Aretha Franklin may try to quash the debut of a long-buried gospel movie its producer calls “the most important document of American popular music ever filmed.”
“Amazing Grace,” which captures a star-studded gospel service headlined by Franklin in 1972, is scheduled to premiere on opening night of September’s prestigious Toronto International Film Festival. After years of tie-ups, the film’s producer said he has uncovered 1972 documentation that clears the way.
But Franklin and her attorney told the Free Press they’re considering an injunction to halt the film’s release, just as they managed to do four years ago when they sued over image-usage rights.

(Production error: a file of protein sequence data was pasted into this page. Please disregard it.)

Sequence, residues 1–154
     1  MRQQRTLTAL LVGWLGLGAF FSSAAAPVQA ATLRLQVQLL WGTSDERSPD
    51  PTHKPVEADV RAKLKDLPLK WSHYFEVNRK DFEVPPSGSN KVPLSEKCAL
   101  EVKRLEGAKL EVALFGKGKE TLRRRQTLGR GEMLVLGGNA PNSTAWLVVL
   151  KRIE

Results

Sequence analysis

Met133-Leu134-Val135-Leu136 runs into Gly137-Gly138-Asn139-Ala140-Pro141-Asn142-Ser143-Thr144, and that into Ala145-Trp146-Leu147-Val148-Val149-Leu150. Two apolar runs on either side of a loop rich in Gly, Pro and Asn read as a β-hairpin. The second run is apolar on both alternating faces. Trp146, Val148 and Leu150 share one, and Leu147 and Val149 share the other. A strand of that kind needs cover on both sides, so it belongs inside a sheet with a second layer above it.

“What we have here is a case of individuals who are hell-bent on exploiting the name and likeness of a world renowned musical icon, at all costs,” said West Bloomfield attorney Arnold Reed.
Franklin, who will play Chene Park on Saturday, said her beef isn’t with “Amazing Grace” as a piece of work. The film is already one of the most buzzed-about documentaries on the Toronto docket.
“It isn’t that I’m not happy about the film, because I love the film itself,” she said Wednesday. “It’s just that — well, legally I really should just not talk about it, because there are problems.”
She added: “If those problems are not cleared up, you could very well see an injunction.”